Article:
The Yale Provost, Peter Salovey, wrote to friends of the university on 20 June announcing the establishment of the Program for the Study of Antisemitism (YPSA), which will replace the axed Yale Initiative for the Interdisciplinary Study of Antisemitism. He writes in his letter:
I have been gratified to learn that Professor Maurice Samuels and a group of faculty colleagues have expressed interest in the creation of a new scholarly enterprise, the Yale Program for the Study of Antisemitism (YPSA), and that the Whitney Humanities Center has agreed to sponsor it. Professor Samuels, who will convene YPSA, has written an award-winning book on Jewish fiction writers in France, and he is currently working on a major study of the portrayal of Jews in French literature and culture from the time of the Revolution through the present. Professor Samuels’s recent courses offered to Yale undergraduates have included ‘Jewish Identity and French Culture’ and ‘Representing the Holocaust.’
Pledging research support for students and faculty wishing to undertake serious work under the aegis of YPSA, the Provost continues:
YPSA will encourage serious scholarly discourse and collaborative research focused on antisemitism, one of the world’s oldest and most enduring prejudices, in all its forms. YPSA will be open to the entire Yale community.
I am hopeful that this program will produce major scholarship on the vitally important subject of antisemitism.
When the axing of YIISA was announced, after Yale’s faculty review committee concluded that its research and publications were not of sufficiently high quality, the Yale authorities indicated at the time that they would find some other means to continue serious research on antisemitism at the university. In the stampede to condemn Yale, its critics either ignored this message or dismissed it. Now that it looks certain that a new venture, headed by a Yale faculty member with excellent scholarly credentials, is to be set up, I wonder whether those who wildly accused Yale of all manner of nefarious reasons for closing YIISA will now withdraw their accusations and apologise? I’d advise Yale not to hold its breath.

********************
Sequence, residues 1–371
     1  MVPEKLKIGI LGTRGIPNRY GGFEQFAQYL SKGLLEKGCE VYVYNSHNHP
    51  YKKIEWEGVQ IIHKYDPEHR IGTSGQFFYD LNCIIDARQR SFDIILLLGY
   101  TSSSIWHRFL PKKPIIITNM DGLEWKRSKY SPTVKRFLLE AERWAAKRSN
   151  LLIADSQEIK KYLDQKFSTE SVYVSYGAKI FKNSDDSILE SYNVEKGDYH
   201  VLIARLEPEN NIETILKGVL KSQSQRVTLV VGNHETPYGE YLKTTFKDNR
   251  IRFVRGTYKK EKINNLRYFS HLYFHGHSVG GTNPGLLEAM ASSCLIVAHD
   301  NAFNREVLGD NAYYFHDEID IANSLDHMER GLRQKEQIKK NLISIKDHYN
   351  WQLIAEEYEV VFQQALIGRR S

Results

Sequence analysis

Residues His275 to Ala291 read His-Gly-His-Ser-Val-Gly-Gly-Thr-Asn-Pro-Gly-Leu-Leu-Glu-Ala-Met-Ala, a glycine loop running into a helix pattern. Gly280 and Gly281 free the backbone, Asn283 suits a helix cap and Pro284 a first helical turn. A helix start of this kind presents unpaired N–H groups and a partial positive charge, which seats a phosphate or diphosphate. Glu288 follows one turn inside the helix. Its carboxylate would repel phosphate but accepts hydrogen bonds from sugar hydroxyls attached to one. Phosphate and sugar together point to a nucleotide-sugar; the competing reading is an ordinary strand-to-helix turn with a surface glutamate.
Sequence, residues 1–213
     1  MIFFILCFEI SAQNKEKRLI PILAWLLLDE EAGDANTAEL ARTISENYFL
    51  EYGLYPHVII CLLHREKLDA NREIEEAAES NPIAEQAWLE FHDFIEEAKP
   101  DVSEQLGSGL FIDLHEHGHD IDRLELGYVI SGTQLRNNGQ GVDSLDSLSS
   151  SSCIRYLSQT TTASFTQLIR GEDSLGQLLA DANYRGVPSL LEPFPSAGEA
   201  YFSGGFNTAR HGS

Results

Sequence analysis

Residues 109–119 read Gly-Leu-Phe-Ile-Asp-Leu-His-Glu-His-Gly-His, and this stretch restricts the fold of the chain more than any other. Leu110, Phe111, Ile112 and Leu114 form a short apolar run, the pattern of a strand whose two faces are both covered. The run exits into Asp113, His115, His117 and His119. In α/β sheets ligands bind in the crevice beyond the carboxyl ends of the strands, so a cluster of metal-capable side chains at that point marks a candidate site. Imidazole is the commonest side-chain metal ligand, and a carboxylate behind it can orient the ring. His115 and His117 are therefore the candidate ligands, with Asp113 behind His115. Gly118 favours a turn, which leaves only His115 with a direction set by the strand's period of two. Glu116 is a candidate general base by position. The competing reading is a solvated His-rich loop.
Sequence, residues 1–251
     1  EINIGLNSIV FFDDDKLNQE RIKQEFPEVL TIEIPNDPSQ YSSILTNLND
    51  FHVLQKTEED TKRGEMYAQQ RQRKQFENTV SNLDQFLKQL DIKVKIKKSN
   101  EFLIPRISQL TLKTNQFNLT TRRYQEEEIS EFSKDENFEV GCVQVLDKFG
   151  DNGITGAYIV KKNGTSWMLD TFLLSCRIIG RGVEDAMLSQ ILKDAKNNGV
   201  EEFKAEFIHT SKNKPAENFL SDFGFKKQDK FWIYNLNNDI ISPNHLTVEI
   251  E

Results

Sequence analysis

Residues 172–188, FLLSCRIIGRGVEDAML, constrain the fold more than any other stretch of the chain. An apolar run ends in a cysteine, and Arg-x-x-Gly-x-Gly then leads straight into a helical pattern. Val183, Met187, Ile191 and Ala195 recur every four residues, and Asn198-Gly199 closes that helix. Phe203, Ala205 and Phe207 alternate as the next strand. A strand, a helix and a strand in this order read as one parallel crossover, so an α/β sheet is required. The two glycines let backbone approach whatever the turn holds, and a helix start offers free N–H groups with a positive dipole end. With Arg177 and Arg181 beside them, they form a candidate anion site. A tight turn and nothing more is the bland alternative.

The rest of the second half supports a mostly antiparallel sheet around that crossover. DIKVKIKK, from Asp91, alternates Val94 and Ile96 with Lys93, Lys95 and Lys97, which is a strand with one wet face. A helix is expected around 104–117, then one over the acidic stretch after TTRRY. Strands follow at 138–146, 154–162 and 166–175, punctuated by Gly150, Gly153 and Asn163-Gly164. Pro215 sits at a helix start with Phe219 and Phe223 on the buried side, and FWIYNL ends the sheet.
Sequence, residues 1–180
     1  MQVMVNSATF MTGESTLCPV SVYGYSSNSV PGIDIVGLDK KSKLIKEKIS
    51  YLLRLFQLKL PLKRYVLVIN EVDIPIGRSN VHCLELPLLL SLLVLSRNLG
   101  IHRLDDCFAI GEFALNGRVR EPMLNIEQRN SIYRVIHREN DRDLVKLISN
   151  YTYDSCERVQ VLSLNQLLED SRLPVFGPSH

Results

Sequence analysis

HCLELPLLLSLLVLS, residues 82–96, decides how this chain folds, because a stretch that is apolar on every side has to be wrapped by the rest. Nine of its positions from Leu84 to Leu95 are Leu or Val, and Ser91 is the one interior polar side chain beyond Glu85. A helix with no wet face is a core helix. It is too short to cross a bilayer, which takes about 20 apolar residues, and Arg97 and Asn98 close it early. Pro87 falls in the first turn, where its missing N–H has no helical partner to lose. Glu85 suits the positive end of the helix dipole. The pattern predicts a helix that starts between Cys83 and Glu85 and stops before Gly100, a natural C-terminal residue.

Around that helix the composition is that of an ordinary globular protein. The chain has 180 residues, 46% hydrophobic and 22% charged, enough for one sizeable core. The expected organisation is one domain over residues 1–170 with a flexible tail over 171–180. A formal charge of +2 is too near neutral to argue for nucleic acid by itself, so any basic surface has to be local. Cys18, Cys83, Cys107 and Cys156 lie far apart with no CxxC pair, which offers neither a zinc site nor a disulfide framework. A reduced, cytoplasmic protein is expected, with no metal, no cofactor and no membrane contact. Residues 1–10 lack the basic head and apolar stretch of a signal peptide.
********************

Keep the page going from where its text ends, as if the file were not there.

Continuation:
Before giving unreserved credit to Yale, we do need to see exactly how the new operation will operate, what its research agenda will be, how it will be decided who is to be invited to give seminar papers and so on. But the initial indications are positive.
Nevertheless, the entire episode has sharply dramatised the degree to which contemporary antisemitism studies have been hi-jacked by people who put their political opinions and projects above the demands of objective scholarship. When the distinguished Holocaust historian Professor Deborah Lipstadt acknowledged that the work of YIISA had been infected by this tendency and wrote about it in an article for the Forward newspaper, the cries of pain and anger from those in denial of this truth, expressed in the form of disgusting, insulting and contemptible comments on her piece, were deafening.
What has transpired could present an opportunity for a thorough transformation: away from politically-driven pseudo-research to a much greater emphasis on and prevalence of dispassionate work in this area. But as Dr Jonathan Judaken commented on my original post on the YIISA closure, things are likely to get worse before they get better because
as the blog indicates, ‘Context is everything.’ And the context is on quicksand and the next couple of years in the Arab-Israeli conflict are going to be difficult and may be some of the most tragic yet. More than anything it is this context and comparative and historically sensitive frameworks that is missing from both sides in this rhetorical warfare.
Still, there are some encouraging signs that some sanity is returning to research on current antisemitism, strengthening the hand of the many scholars who have held fast to high standards. It would be to everyone’s benefit if that sanity ultimately prevails.
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